Material Sciences Division, PLS
Lawrence Livermore National Laboratory
12 PM, Tuesday, December 6th, 2016
1065 Kemper Hall
Abstract: Understanding chemistry under high pressures and temperatures in the laboratory can require detailed atomistic and kinetic knowledge about reactants and products under these conditions. However, in many cases insufficient data exists for the equation of state and chemical reactivity of these materials under the conditions attained during experiments. Molecular dynamics (MD) simulations using quantum theories such as Kohn-Sham Density Functional Theory (DFT) hold promise as an independent route to determining simple chemical pictures of ionized intermediates and reaction mechanisms, and can help identify atomic-scale properties that determine observed macroscopic kinetics. DFT-MD simulations, though, require immense computational effort per simulation time step and consequently are usually limited to picosecond time scales and nanometer system sizes. In contrast, many chemical events occur over nanosecond time scales or longer, and experiments can probe micron length scales or beyond. In this regard, we have developed a family of semi-empirical quantum simulation methods and classical reactive MD force fields, all of which yield several orders of magnitude increase in computational efficiency while retaining most of the accuracy of quantum calculations. Our methods thus allow for direct simulation of many high-pressure experiments with quantum mechanical accuracy, where chemical events can equilibrate on timescales orders of magnitude longer than can be achieved with standard DFT. Here, we present several different applications of our models, including the pyrolysis of hydrocarbon polymers, the formation of carbyne fibers from expanding liquid carbon droplets, and the shock synthesis of life building molecules in impacting astrophysical ices. Our approaches provide a straightforward way to determine highly accurate, computationally efficient models for materials over a broad range of conditions, where physical and chemical properties can be difficult to interrogate directly and there is historically a significant reliance on quantum simulations for interpretation and validation of experimental results.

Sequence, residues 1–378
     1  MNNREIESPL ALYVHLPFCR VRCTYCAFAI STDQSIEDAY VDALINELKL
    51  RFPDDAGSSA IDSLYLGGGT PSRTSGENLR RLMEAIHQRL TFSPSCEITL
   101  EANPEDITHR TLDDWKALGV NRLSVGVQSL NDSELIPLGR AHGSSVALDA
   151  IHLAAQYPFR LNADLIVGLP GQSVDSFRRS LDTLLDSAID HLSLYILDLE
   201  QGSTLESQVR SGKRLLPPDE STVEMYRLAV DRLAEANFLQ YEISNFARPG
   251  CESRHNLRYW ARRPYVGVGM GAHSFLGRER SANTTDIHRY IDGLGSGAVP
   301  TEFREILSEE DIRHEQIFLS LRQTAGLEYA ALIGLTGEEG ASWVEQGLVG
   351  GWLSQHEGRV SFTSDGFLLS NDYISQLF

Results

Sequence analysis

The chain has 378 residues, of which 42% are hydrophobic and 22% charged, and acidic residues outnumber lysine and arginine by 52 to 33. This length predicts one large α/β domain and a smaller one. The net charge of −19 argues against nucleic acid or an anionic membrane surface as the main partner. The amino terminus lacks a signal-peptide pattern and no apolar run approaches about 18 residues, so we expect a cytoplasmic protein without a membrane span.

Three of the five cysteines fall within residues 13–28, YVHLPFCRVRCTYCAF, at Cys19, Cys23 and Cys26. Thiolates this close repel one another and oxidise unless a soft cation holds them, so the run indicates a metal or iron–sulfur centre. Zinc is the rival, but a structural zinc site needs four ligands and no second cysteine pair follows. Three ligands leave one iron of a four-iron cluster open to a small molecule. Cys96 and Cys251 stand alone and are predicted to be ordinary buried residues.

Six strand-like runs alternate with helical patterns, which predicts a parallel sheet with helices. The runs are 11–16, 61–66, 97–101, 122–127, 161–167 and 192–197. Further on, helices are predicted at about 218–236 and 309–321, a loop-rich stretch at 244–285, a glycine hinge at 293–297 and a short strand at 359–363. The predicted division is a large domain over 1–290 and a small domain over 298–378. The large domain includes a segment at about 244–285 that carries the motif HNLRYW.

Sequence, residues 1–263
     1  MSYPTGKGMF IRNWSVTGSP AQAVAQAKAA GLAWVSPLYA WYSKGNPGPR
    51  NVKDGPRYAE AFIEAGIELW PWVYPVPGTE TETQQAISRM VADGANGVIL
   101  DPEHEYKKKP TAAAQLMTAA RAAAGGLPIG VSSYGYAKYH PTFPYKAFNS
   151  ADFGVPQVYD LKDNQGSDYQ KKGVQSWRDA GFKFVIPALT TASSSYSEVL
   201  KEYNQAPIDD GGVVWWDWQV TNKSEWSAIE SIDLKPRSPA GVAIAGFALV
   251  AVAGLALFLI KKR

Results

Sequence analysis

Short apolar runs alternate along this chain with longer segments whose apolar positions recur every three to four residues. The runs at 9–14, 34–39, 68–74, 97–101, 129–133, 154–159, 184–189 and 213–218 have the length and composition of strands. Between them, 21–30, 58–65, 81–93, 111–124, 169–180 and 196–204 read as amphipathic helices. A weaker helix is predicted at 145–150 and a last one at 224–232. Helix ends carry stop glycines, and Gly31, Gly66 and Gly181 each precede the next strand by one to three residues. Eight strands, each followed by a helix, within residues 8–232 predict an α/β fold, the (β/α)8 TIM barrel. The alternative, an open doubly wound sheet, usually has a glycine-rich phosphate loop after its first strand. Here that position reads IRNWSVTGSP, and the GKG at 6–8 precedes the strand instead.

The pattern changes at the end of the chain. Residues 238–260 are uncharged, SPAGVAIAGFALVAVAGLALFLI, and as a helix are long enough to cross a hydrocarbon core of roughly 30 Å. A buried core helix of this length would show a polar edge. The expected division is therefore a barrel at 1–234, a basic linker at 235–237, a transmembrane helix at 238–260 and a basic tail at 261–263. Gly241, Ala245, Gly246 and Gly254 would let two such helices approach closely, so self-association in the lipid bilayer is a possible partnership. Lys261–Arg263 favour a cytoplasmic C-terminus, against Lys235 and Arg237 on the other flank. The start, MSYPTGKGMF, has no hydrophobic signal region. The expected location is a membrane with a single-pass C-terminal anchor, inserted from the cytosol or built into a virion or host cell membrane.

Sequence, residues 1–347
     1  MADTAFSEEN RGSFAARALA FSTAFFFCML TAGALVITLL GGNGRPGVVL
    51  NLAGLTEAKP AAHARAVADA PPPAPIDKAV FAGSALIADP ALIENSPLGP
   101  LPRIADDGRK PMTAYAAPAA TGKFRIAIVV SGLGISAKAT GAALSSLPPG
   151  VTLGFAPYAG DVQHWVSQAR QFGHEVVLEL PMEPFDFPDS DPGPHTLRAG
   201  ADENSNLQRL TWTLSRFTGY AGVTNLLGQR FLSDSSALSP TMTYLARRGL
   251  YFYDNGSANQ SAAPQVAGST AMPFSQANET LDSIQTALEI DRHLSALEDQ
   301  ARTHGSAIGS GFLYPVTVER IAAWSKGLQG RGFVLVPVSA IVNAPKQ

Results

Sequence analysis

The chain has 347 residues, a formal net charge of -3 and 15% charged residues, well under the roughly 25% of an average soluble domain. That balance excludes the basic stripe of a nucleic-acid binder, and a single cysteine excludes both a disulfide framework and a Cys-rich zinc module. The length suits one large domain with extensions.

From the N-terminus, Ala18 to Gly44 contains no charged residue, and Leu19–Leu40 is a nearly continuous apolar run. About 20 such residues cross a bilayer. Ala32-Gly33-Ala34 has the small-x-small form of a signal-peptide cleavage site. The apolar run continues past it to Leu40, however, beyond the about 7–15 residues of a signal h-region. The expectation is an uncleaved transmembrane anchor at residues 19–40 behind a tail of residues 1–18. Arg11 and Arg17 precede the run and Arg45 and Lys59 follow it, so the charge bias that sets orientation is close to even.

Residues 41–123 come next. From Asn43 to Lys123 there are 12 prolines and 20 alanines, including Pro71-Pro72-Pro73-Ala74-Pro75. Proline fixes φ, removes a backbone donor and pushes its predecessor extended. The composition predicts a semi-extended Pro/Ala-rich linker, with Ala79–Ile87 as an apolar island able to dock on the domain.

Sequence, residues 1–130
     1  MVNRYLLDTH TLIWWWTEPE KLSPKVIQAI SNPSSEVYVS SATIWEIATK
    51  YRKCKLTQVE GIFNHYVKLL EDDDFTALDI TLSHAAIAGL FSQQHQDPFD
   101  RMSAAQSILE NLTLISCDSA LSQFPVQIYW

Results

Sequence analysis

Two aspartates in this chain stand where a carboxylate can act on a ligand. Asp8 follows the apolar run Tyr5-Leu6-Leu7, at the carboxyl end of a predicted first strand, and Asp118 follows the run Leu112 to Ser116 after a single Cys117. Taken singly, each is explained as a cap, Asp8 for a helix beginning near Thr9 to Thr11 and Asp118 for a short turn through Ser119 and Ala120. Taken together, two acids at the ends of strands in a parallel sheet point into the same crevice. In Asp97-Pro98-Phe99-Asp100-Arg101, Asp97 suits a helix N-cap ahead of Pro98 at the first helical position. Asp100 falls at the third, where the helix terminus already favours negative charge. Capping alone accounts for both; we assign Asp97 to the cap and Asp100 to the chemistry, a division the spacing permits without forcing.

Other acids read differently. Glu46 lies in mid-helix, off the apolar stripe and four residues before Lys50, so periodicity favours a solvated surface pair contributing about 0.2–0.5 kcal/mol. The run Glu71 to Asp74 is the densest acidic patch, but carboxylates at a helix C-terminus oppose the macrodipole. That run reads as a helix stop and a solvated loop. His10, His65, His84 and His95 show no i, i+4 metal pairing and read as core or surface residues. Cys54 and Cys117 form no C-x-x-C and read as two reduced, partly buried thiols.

Biography: Nir Goldman received a B.S. in Chemistry from Yale University in 1997 and a Ph.D. in Physical Chemistry from the University of California, Berkeley, in 2003. He then joined Lawrence Livermore National Laboratory (LLNL) as a postdoctoral researcher, where he was promoted to the position of staff scientist in 2006. His current research interests involve the development of novel approaches to quantum mechanical simulations of chemical reactivity within condensed matter, including materials under extremely high pressures and temperatures and the astrobiological synthesis of life-building compounds under extreme thermodynamic conditions.